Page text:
I’m not a believer in mantras, but if I were, this would be my new mantra:
Make Good Little Choices
Regular readers know that my anxiety problems flared up badly a week and a half ago. I’m as positive as I can hope to be that it was primarily chemical in nature, probably a result of the homeopathic remedy that was prescribed to me. But, while that may of been the trigger, the fact is that there were plenty of other mitigating factors along the way.
Those factors pretty much boil down to this: I had been making a lot of poor, little choices.
Most of life is made up of little choices. Do I check email now or start supper? Do I go to bed or log onto Facebook one more time? Do I write my lesson plan or relax with a book? Do I do dishes now, or wait until after supper? Some of these choices don’t matter, but often times the little choices infuse the bigger choices. Making poor, small choices makes it harder to make good, big choices.
I am fascinated by the NBC TV show “The Biggest Loser.” I do not, nor have I ever, struggled with weight problems, so in some ways the concept of the show is foreign to me. But, I am often surprised by how much I do have in common with the contestants chosen for the show. Those contestants chosen are taken out of their regular lives, out of their normal routines, and given the opportunity to focus solely on losing weight. They only have healthy food to eat, and as time goes on, they learn how to make it themselves. The have personal trainers who work them hard, while at the same time unwrapping their inner psyche and bad choices which led them to become morbidly obese in the first place.
I feel the most in common with contestants who have simply made lots of small bad choices over a long period of time, and who one day realize that all of those small bad choices have resulted in a really big weight problem. They weep in front of the camera, saying, “How could I do this to myself? To my spouse? To my kids? I knew better then, and I definitely know better now. I’m not going to make those mistakes again!” Above all, the contestants are all extremely grateful to be on the show, to have been given a unique opportunity to change their life for the better. Because when you’re SO used to making bad choices, it is incredibly hard to stop. Old habits die hard. At the end of seasons of “The Biggest Loser,” when the remaining contestants are sent home to continue their weight loss on their own, it is often extremely difficult for them to resist falling back into their old, unhealthy lifestyle. It’s hard to continue making good choices when, in that home environment, one is so used to making bad choices. So when the contestants are on The Ranch, away from their old lifestyles, it’s a lot easier for them to make good decisions about the choices they make.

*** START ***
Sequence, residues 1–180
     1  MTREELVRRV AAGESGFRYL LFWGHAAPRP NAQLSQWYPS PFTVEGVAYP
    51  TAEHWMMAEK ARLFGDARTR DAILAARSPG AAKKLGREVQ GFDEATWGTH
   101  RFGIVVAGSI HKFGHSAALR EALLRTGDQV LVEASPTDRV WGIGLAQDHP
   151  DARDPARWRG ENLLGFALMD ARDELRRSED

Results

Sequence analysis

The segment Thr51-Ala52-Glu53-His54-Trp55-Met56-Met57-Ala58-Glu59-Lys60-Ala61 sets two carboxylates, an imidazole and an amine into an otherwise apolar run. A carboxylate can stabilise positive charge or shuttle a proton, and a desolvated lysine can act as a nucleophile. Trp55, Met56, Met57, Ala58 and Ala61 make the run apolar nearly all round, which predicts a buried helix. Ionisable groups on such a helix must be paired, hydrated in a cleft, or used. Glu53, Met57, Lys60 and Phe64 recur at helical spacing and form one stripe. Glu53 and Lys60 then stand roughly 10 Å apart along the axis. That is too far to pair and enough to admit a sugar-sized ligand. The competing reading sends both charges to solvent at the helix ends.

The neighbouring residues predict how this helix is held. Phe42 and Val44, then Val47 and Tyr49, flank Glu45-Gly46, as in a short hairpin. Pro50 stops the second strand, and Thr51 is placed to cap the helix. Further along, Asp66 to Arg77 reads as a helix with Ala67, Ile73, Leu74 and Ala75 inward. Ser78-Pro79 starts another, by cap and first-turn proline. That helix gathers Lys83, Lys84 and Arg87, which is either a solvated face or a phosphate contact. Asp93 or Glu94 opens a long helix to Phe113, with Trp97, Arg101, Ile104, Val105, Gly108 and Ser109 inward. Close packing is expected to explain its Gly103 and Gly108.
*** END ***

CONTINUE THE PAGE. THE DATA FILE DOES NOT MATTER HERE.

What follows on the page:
In some way, I feel the same way about my anxiety problems. This almost-panic attack, while there were other factors involved, gave me the wake-up call I needed to become serious about making good little choices in my life. I’ve become more conscious than I can remember being in a long time of making good little choices. While I’m not perfect at it yet (and never will be), I can see improvement in my life as far as my choices go. One obvious change that regular blog readers will note is that I’m blogging less. As part of making good little choices, I’m sometimes choosing to do other, more visibly productive, things when the house is quiet in the afternoon. I hope that will continue. I’m also re-committing myself to an earlier bedtime. Yes, that’s been a struggle of mine for a long time. But, I can’t give up. I have to keep trying.
I want to make these good little choices for my children’s sake as much as for my own. A friend once told me, “Life is the accumulation of little choices. Over time they develop into patterns of behavior that reflect our character and determine our path.” I’m trying to take that good advice to heart and to make good, small decisions. It isn’t always easy, and various kinds of distractions are perpetually trying to lure me away. Those distractions are more successful than I would like them to be, but after my near-panic attack, I have a stronger impetus to resist those distractions as much as possible. I absolutely hate the feeling of not being in control of my body and my emotions, and I want to do everything in my power to avoid that experience again if at all possible.
I also know that one good decision begets another. It’s easier for me to have the willpower to resist temptation when I’ve had a good night’s sleep. It’s easier to get a good night’s sleep when I go to bed on time. It’s easier to go to bed on time when my dishes are done earlier in the evening rather than later. It’s easier to get to bed earlier when I do my computer work in the afternoon rather than the evening. It’s all a cycle of decisions. One decision affects another, and together all those little choices really add up.
Make Good Little Choices. It’s my new motto. I pray I can continue to do that better every day.